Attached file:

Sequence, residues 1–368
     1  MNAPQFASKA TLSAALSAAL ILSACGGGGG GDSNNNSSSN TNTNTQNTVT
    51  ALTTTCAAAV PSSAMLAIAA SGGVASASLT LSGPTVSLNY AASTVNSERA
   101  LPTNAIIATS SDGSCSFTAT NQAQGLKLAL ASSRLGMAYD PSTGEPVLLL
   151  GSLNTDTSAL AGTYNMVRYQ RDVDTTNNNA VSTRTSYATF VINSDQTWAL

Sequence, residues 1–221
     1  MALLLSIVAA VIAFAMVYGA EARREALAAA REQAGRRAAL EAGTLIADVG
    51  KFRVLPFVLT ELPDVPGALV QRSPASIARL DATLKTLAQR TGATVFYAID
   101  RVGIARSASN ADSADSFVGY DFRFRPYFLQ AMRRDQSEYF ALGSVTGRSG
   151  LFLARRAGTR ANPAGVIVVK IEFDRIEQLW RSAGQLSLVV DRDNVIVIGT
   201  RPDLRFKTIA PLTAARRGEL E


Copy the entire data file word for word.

Sequence, residues 1–368
     1  MNAPQFASKA TLSAALSAAL ILSACGGGGG GDSNNNSSSN TNTNTQNTVT
    51  ALTTTCAAAV PSSAMLAIAA SGGVASASLT LSGPTVSLNY AASTVNSERA
   101  LPTNAIIATS SDGSCSFTAT NQAQGLKLAL ASSRLGMAYD PSTGEPVLLL
   151  GSLNTDTSAL AGTYNMVRYQ RDVDTTNNNA VSTRTSYATF VINSDQTWAL

Sequence, residues 1–221
     1  MALLLSIVAA VIAFAMVYGA EARREALAAA REQAGRRAAL EAGTLIADVG
    51  KFRVLPFVLT ELPDVPGALV QRSPASIARL DATLKTLAQR TGATVFYAID
   101  RVGIARSASN ADSADSFVGY DFRFRPYFLQ AMRRDQSEYF ALGSVTGRSG
   151  LFLARRAGTR ANPAGVIVVK IEFDRIEQLW RSAGQLSLVV DRDNVIVIGT
   201  RPDLRFKTIA PLTAARRGEL E